The Legend of the Lone Ranger

1981

Action / Adventure / Western

3
Rotten Tomatoes Audience - Spilled 40%
IMDb Rating 5 10 1523

Synopsis


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Cast

Christopher Lloyd as Maj. Bartholomew 'Butch' Cavendish
Jason Robards as President Ulysses S. Grant
Richard Farnsworth as Wild Bill Hickok
Matt Clark as Sheriff Wiatt
720p.BLU 1080p.BLU
697.77 MB
1280*534
English
24 fps
1hr 38 min
P/S 5 / 1
1.47 GB
1920*800
English
24 fps
1hr 38 min
P/S 4 / 3

Movie Reviews

Reviewed by Stephen Abell 6 / 10

Tonto... and... er... The Lone Ranger...

As a kid, I remember watching the old black and white television series at my Nan's while mum and dad did their shopping. Clayton Moore and Jay Silverheels bringing much-needed justice to the wild west. In 1981 they brought out The Legend Of The Lone Ranger, another big budget movie, for its time, and I remember I enjoyed that too. So when this was released I had to watch it, after all, it was The Lone Ranger, starring one of my favourite actors, Johnny Depp...

... However...

This is the most ludicrous telling of The Lone Ranger mythos ever filmed. It verges on the insane and stupid. It definitely feels as though they had too much money in the budget to burn and they did just that with the completely farcical CGI, of which there is way too much. In one section it looks like the director was trying to better the awesome, and equally silly, horseback running of Abraham Lincoln: Vampire Hunter, by having The Lone Ranger ride Silver on top of the train carriages and then through them; it's just not awesome, just silly.

Poor Johnny Depp's acting skills seem to now range from Jack Sparrow to Native American Jack Sparrow, even the headdress he wears gives his silhouette an all-to-familiar feel. He's also brought across Helena Bonham Carter from his directing buddy Tim Burton. It's a shame though as it appears only Mr Burton can give these two good actors decent enough characters to push them into giving a great performance.

Unfortunately, the director here, Gore Verbinski, can only manage mediocre performances from the talented cast. The worst thing being the actual acting scenes. These look to have been added so the actors can actually stretch their acting legs a little. These scenes though appear boring and dull, nearly to the extreme. I think the main problem is there's not much characterisation to be done, apart from Tonto... and one man cannot hold a film of this size together. The other characters should have been deeper and better thought out. When you have a cast like this use them to their best potential, even if you need a rewrite, or two, to do it. Spend the budget there and not the needless CGI segments.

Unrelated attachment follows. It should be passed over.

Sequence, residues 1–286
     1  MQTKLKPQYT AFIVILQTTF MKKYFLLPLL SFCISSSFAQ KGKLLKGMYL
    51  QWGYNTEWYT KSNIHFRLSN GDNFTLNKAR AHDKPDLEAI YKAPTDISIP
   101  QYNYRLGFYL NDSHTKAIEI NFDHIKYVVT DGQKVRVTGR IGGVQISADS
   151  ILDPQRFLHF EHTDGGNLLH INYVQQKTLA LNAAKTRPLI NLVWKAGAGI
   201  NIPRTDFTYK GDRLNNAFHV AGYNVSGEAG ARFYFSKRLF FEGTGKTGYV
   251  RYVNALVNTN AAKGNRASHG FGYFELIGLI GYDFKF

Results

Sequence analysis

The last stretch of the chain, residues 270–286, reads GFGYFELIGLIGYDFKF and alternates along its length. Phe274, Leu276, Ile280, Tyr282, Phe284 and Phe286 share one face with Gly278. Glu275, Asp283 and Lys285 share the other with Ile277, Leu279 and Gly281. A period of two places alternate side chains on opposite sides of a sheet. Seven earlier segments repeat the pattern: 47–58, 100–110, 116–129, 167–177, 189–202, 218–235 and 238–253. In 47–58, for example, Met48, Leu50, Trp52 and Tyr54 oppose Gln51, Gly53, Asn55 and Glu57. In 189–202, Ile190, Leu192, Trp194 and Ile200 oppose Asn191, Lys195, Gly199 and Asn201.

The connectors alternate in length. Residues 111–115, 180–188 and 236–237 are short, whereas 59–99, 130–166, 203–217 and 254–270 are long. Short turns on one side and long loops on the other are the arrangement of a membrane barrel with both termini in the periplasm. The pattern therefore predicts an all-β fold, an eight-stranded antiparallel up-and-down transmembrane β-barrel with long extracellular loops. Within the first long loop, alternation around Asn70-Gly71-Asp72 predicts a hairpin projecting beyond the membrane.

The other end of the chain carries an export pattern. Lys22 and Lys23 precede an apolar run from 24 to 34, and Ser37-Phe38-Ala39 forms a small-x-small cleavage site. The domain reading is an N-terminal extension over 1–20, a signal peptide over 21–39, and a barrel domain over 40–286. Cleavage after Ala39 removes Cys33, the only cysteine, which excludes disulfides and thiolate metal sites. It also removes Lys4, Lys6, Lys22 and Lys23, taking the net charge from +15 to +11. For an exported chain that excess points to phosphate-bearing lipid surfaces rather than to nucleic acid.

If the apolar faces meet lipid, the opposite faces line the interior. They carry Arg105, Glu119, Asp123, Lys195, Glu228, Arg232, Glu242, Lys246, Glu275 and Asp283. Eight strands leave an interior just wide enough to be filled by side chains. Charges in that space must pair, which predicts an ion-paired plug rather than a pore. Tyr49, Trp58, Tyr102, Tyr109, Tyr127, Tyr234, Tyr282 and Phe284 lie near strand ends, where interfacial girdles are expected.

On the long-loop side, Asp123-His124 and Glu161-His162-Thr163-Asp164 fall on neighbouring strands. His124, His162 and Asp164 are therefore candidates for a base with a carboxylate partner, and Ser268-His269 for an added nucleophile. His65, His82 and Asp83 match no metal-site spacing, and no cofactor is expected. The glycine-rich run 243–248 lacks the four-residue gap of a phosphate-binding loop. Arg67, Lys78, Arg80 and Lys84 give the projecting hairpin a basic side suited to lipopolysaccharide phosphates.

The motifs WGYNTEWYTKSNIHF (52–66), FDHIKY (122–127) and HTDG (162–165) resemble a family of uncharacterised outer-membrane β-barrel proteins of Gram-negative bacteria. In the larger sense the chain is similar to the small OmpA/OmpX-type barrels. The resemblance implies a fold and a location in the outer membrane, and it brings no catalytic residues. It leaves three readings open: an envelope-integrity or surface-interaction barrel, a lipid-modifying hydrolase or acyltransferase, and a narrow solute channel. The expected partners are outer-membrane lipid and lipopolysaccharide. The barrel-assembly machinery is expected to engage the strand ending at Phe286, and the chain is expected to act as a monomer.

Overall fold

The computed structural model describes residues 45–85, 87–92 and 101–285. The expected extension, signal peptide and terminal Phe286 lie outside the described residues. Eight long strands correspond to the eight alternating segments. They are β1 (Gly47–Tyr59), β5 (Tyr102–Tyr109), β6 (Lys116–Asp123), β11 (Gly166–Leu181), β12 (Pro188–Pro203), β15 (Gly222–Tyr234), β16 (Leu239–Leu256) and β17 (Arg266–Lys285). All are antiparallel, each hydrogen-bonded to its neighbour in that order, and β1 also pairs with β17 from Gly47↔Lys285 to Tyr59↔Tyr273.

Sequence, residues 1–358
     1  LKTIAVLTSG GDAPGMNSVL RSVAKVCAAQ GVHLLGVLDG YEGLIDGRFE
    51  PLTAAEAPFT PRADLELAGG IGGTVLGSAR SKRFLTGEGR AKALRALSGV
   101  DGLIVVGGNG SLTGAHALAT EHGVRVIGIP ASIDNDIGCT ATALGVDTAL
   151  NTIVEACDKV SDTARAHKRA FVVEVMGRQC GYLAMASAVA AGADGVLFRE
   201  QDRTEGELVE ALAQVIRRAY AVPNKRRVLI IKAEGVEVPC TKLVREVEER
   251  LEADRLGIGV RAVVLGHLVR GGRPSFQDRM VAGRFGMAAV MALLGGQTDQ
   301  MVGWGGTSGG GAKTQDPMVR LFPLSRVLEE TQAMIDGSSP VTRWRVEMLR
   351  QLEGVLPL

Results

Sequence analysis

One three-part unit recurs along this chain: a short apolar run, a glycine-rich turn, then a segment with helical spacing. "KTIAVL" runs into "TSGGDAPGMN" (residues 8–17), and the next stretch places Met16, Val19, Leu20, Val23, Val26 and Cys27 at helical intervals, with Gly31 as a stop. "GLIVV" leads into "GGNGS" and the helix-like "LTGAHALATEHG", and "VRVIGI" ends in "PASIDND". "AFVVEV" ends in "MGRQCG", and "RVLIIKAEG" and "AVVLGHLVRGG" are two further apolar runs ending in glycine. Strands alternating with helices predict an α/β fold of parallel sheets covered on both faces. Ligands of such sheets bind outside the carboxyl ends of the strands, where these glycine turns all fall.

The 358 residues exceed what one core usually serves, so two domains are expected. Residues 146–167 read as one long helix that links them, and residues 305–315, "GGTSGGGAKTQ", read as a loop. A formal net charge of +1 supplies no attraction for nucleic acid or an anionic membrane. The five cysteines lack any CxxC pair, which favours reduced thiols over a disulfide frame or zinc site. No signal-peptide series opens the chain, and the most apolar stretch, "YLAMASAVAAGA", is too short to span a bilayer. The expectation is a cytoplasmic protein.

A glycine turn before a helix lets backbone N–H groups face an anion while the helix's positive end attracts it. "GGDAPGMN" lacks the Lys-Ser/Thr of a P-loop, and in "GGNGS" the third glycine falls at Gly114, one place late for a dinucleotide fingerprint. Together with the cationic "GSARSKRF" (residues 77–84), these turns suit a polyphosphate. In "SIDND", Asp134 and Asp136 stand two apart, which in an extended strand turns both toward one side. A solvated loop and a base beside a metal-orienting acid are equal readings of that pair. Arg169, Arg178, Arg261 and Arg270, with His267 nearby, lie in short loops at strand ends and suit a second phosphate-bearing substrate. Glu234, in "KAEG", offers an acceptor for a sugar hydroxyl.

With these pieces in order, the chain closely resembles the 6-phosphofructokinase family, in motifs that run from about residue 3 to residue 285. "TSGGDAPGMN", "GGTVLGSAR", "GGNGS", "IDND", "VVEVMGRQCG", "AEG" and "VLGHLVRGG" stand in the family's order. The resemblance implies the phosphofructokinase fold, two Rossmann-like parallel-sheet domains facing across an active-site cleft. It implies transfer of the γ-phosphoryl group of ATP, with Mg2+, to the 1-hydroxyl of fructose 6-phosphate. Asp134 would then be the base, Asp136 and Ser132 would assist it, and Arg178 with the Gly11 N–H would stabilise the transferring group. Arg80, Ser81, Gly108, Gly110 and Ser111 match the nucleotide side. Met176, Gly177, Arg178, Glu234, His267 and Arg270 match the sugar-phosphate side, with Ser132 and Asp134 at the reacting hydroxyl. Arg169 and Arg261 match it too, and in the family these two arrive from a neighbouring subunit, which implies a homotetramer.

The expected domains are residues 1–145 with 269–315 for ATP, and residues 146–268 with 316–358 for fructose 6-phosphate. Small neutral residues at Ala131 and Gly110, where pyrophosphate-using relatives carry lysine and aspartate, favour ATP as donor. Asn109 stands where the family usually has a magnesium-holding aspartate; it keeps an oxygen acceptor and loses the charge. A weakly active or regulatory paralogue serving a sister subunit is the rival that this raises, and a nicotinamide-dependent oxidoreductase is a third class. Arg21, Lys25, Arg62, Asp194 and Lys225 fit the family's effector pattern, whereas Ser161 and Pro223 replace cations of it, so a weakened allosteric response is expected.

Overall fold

So why the average rating if I didn't like the movie? Well, there are a few things which give the mythos of The Lone Ranger a more powerful storyline. Tonto's story is the prime example; as far as I remember no film or television series touched on why Tonto is called Tonto (which means fool); in this telling, there's a perfectly good and plausible explanation for his naming. There's also a nice spiritual side with The Lone Ranger's horse, Silver, actually being a Spirit Horse who chooses which ranger to bring back from the dead, after Cavendish's ambush.

The comedy, which mainly comes from Johnny Depp, is right on point and pretty funny. There are also some great Iconic moments in the film, especially Tonto standing at the top of a ladder on a speeding train, once you see it you'll understand.

So it's these issues that raise the film out of the doldrums to become a "watch once" film, possibly on a wet Sunday afternoon, after a decent dinner, and with the family.

Reviewed by michaeldouglas1 1 / 10

The producers wanted publicity & sure got it -- but all bad!

No need to belabor the excellent points brought up by posters who have already rightly panned this poor excuse of a movie (and disgrace to an American legend). Klinton Spilsbury? Not only an untalented actor who's voice was so bad they had to dub over, but his on-set and off-set antics fairly screamed "unprofessional". According to reliable sources, this was his only motion picture credit, though Wikipedia does say he had a few bit roles in soap operas before making "Lone Ranger". Actually the most interesting (an unintentionally humorous) thing in his Wikipedia article was this: "An article about him in The Los Angeles Times in 1989 revealed that he had spent some time in Europe and was working as a model. He had hopes to revive his career as an actor, but admitted in the article that he was not having much luck..." Hmmmm -- "revive his career"? WHAT career? To paraphrase, "One movie not maketh a career".